The Life and Adventures of Martin Chuzzlewit

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The Life and Adventures of Martin Chuzzlewit  (1844) 
by Charles Dickens

[1844: Chapman and Hall, London: probably first edition. Illustrated by Hablot Knight Browne ("Phiz").] Commonly known as Martin Chuzzlewit, it is considered as Charles Dickens' last picaresque novel. The novel was originally serialised between 1842 and 1844. Excerpted from Martin Chuzzlewit on Wikipedia, the free encyclopedia.

THE

LIFE AND ADVENTURES

OF

MARTIN CHUZZLEWIT.

Frontis--Martin Chuzzlewit (Phiz).jpg

Title illus 2--Martin Chuzzlewit (Phiz).jpg

THE

LIFE AND ADVENTURES

OF

MARTIN CHUZZLEWIT.

BY CHARLES DICKENS.

WITH ILLUSTRATIONS BY PHIZ.

LONDON:
CHAPMAN AND HALL, 186, STRAND.


MDCCCXLIV.

LONDON:

BRADBURY AND EVANS, PRINTERS, WHITEFRIARS.

TO

MISS BURDETT COUTTS,

This Tale

IS DEDICATED,

WITH THE TRUE AND EARNEST REGARD

OF

THE AUTHOR.

PREFACE.

I attach a few preliminary words to the Life and Adventures of Martin Chuzzlewit: more because I am unwilling to depart from any custom which has become endeared to me by having prevailed between myself and my readers on former occasions of the same kind, than because I have anything particular to say.

Like a troublesome guest who lingers in the Hall after he has taken leave, I cannot help loitering on the threshold of my book, though those two words, The End: anticipated through twenty months, yet sorrowfully penned at last: stare at me, in capitals, from the printed page.

I set out, on this journey which is now concluded; with the design of exhibiting, in various aspects, the commonest of all the vices. It is almost needless to add, that the commoner the folly or the crime which an author endeavours to illustrate, the greater is the risk he runs of being charged with exaggeration; for, as no man ever yet recognised an imitation of himself, no man will admit the correctness of a sketch in which his own character is delineated, however faithfully.

But, although Mr. Pecksniff will by no means concede to me, that Mr. Pecksniff is natural; I am consoled by finding him keenly susceptible of the truthfulness of Mrs. Gamp. And though Mrs. Gamp considers her own portrait to be quite unlike, and altogether out of drawing; she recompenses me for the severity of her criticism on that failure, by awarding unbounded praise to the picture of Mrs. Prig.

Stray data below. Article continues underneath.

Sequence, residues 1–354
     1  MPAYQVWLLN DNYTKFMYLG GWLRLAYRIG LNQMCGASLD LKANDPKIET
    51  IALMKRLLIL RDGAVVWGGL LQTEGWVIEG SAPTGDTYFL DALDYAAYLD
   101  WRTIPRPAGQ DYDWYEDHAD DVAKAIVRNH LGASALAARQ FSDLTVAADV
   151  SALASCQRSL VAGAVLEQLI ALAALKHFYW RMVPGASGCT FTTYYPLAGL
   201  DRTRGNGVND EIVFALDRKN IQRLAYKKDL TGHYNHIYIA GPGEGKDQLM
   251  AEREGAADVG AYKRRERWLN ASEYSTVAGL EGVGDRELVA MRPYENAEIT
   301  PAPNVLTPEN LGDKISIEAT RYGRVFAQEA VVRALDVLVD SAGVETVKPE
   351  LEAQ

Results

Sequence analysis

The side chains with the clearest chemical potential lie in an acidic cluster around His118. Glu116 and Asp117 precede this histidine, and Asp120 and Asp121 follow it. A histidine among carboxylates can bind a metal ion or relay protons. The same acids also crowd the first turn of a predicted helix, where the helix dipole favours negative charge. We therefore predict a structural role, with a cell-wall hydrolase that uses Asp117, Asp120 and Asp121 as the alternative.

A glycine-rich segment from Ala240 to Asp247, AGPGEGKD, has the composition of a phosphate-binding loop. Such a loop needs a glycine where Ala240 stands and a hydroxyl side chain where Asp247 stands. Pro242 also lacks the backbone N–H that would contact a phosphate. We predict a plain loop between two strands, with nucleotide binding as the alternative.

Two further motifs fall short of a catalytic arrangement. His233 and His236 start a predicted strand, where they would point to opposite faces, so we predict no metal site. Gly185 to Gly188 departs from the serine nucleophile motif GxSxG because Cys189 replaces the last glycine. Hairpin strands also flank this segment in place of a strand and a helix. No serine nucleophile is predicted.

I have endeavoured in the progress of this Tale, to resist the temptation of the current Monthly Number, and to keep a steadier eye upon the general purpose and design. With this object in view, I have put a strong constraint upon myself from time to time, in many places; and I hope the story is the better for it, now.

At any rate, if my readers have derived but half the pleasure and interest from its perusal, which its composition has afforded me, I have ample reason to be gratified. And if they part from any of my visionary friends, with the least tinge of that reluctance and regret which I feel in dismissing them; my success has been complete, indeed.


London,
Twenty-fifth June, 1844.

CONTENTS.

  1. Chapter I.—Introductory, concerning the Pedigree of the Chuzzlewit Family 1
  2. Chap. II.—Wherein certain Persons are presented to the Reader, with whom he may, if he please, become better acquainted 6
  3. Chap. III.—In which certain other Persons are introduced; on the same Terms as in the last Chapter 19
  4. Chap. IV.—From which it will appear that if Union be Strength, and Family Affection be pleasant to contemplate, the Chuzzlewits were the strongest and most agreeable Family in the World 33
  5. Chap. V.—Containing a full Account of the Installation of Mr. Pecksniff's new Pupil into the Bosom of Mr. Pecksniff's Family. With all the Festivities held on that Occasion, and the great Enjoyment of Mr. Pinch 48
  6. Chap. VI.—Comprises, among other important Matters, Pecksniffian and Architectural, an exact Relation of the Progress made by Mr. Pinch in the Confidence and Friendship of the New Pupil 65
  7. Chap. VII.—In which Mr. Chevy Slyme asserts the Independence of his Spirit; and the Blue Dragon loses a Limb 76
  8. Chap. VIII.—Accompanies Mr. Pecksniff and his charming Daughters to the City of London; and relates what fell out, upon their way thither 88
  9. Chap. IX.—Town and Todgers's 97
  10. Chap. X.—Containing strange Matter; on which many Events in this History, may, for their good or evil Influence, chiefly depend 117